My name is Philly (my full name is Filomena) and I was born in the 70s in Pagani in the province of Salerno. I grew up in a matriarchal family because the strongest figure I’ve ever met is my grandmother.
Her name was Carmela, born in 1912, she was my mother’s mother, she dictated the law at home and still today, after more than 20 years from her death, I miss her.
My mother, who is called Sofia, adored her, I have never seen a daughter have such devotion to her mother, so much that I have always been convinced that if my mother could have drawn up a ranking of her affections it would have been:
2- Me, my sister and my two brothers
3- Her brothers
4- My dad (aware and resigned) whose name is Alfonso
This ranking is a bit funny, but I swear to you that even now I am convinced that this is the case. Let’s go back to cooking: mum has always cooked to feed us and she was also quite successful, but I reject that my vocation for cooking came from her.
Grandma, on the other hand, cooked for the pleasure of doing it and did it in industrial quantities, so given the implication, I really think I got it from her.
At Christmas grandmother made “struffoli” but obviously not only for us but for: uncle Natale, uncle Antonio, the neighbor, the lady upstairs and the doctor, so it was for the tagliatelle on Sunday, for the sanguinaccio in February , for home made pasta at Easter and for gnocchi on Saturdays. Basically it started in the morning and you didn’t know when it ended. I liked this a lot and I gladly took part in it. They made me put the confetti on the struffoli just removed from the boiling honey, they made me carry the “pettola” of the tagliolini on the bed to dry, they made me turn the sanguinaccio, hollow out the gnocchi and put the shortcrust pastry strips on the pastiera.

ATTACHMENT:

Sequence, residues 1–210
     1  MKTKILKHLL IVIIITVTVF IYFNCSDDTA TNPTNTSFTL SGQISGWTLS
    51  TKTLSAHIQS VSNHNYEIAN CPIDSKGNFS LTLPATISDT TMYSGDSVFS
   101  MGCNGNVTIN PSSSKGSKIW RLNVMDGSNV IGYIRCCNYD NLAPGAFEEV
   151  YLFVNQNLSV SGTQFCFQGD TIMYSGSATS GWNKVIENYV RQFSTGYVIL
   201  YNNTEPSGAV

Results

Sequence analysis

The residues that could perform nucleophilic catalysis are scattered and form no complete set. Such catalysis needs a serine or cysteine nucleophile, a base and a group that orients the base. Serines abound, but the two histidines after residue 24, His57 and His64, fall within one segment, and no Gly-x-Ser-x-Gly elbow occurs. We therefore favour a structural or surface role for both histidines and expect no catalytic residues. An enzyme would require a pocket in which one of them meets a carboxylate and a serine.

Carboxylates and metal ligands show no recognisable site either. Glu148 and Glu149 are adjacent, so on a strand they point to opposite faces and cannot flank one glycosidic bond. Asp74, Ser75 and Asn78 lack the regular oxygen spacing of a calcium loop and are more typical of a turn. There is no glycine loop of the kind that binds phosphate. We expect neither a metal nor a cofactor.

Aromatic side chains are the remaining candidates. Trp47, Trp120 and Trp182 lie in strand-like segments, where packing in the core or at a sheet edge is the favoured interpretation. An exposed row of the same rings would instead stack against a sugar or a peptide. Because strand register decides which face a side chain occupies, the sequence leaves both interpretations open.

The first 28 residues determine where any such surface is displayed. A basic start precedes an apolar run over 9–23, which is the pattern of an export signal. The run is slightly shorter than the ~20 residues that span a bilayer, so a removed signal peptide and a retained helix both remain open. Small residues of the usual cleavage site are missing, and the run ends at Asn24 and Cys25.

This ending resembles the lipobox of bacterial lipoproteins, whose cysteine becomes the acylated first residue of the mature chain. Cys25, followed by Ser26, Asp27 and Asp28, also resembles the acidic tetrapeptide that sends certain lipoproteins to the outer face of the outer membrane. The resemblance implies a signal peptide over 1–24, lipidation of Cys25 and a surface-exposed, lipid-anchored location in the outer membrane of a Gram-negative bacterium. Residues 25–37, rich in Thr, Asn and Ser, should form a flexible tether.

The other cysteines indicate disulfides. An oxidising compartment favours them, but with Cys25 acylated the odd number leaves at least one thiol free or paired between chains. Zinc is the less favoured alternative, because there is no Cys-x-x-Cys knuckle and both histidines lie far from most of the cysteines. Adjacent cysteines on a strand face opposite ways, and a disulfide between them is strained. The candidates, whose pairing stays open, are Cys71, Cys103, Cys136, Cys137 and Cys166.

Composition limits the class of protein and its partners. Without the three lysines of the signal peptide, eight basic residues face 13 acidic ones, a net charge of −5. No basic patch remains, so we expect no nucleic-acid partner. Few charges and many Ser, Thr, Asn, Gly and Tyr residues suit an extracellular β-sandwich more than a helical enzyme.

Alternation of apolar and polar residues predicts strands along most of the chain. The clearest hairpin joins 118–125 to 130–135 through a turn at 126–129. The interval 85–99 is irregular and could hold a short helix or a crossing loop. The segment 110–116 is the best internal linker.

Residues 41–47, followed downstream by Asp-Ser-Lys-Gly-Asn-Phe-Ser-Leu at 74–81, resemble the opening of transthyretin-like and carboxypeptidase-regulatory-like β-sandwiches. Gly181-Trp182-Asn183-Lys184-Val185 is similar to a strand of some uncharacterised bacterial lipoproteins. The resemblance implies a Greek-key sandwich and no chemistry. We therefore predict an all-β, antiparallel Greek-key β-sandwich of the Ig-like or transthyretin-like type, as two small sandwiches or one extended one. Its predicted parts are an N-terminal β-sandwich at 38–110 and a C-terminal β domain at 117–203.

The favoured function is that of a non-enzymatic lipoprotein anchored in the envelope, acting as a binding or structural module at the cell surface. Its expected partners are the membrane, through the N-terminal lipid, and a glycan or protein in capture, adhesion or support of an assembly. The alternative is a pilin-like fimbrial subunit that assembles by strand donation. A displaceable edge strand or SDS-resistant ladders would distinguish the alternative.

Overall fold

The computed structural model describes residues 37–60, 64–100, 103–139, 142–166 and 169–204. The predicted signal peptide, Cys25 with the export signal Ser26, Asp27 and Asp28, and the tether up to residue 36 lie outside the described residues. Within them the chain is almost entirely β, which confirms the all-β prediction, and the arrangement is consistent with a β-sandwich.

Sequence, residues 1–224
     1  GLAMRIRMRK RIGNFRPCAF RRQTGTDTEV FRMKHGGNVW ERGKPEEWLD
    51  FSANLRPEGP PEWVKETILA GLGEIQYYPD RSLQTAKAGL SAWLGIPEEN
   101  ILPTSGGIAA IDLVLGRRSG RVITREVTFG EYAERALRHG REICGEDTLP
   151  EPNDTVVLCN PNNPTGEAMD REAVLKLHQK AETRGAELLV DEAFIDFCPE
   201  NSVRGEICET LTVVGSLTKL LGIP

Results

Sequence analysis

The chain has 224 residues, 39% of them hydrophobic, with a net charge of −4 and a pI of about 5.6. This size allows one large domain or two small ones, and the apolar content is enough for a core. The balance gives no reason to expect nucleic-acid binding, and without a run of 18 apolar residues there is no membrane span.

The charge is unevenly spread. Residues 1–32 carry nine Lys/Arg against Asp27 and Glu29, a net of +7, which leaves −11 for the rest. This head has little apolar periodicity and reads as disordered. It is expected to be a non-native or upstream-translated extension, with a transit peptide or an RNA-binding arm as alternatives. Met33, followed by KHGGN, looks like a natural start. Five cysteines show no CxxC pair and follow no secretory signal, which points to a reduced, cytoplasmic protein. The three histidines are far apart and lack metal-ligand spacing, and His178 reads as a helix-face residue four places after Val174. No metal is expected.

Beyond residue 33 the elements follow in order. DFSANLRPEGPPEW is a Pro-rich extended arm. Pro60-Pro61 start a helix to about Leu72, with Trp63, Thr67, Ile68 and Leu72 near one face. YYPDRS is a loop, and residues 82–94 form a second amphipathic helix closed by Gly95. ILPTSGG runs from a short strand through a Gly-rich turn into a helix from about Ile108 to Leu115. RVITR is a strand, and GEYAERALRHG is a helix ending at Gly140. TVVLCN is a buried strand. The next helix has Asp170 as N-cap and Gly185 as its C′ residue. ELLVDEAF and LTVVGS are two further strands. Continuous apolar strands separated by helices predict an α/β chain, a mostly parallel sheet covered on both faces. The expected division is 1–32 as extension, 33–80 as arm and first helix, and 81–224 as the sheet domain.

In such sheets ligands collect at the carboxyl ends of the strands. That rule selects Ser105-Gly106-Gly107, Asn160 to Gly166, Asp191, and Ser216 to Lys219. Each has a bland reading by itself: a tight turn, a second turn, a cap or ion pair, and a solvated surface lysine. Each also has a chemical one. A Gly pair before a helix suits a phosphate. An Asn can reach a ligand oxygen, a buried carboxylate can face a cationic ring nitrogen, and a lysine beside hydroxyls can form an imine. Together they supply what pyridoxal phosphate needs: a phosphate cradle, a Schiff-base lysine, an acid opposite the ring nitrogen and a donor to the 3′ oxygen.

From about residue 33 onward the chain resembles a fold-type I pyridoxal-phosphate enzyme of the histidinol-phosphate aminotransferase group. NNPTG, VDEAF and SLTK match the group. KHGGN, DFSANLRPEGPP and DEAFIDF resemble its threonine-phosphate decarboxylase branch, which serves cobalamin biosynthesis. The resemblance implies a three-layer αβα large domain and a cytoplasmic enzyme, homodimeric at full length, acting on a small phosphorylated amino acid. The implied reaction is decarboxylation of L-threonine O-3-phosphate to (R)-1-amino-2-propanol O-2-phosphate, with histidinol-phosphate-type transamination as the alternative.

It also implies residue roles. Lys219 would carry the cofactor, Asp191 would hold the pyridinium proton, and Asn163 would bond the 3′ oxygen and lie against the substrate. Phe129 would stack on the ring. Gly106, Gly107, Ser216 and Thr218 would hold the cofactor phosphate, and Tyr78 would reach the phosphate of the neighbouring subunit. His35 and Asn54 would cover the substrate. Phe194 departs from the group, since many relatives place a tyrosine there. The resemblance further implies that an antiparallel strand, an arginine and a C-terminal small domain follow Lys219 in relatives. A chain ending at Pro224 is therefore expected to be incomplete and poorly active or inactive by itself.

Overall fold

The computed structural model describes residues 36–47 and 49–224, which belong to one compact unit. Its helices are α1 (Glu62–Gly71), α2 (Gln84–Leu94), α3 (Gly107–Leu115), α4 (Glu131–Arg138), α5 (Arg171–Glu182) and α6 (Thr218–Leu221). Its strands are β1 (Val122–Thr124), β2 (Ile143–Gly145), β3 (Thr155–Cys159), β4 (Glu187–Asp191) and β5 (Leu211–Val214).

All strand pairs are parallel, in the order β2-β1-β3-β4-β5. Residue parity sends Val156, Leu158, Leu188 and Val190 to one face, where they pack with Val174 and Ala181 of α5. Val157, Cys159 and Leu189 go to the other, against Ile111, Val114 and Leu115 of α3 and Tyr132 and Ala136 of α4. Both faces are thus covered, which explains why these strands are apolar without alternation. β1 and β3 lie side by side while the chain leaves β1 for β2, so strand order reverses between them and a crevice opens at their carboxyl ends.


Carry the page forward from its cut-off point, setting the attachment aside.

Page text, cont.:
Growing up, I was given more demanding tasks, so much so that I was able to do everything on my own, but always using grandma’s recipes.
The smells and atmosphere that was in the house in those moments were beautiful and when I think back today I have a great nostalgia for my childhood. Another good memory that I have, again thanks to my grandmother, is when in August we made supplies of tomatoes for the winter. My grandmother gathered my mother, daughters-in-law and neighbors in our cellar to prepare the large supply. We children were very happy both because that was a special day, during which we were free to play as much as we wanted and then because they put us all around a table with in front of each, a bottle like Peroni beer, a basin with fillets of tomato, tomato puree, basil and a wooden stick, all we had to do was put the tomato puree, a few basil leaves and the tomato fillets in the bottles pushing them with the wooden stick. How much we liked this thing and do you know which memory I have left the most, obviously apart from the smell of tomatoes? The burning and itching that gave me the juice and the tomato seeds that clung to me. These are some of my childhood memories, the beautiful ones, those related to food and that are imprinted in the mind and heart. The aromas and flavors of that happy age have made cooking a joy for me, a pleasure to share with others.
Continuing to cook grandmother’s recipes means that her memory is always alive, every day as if she were next to me, like when as a child she taught me to hollow out gnocchi.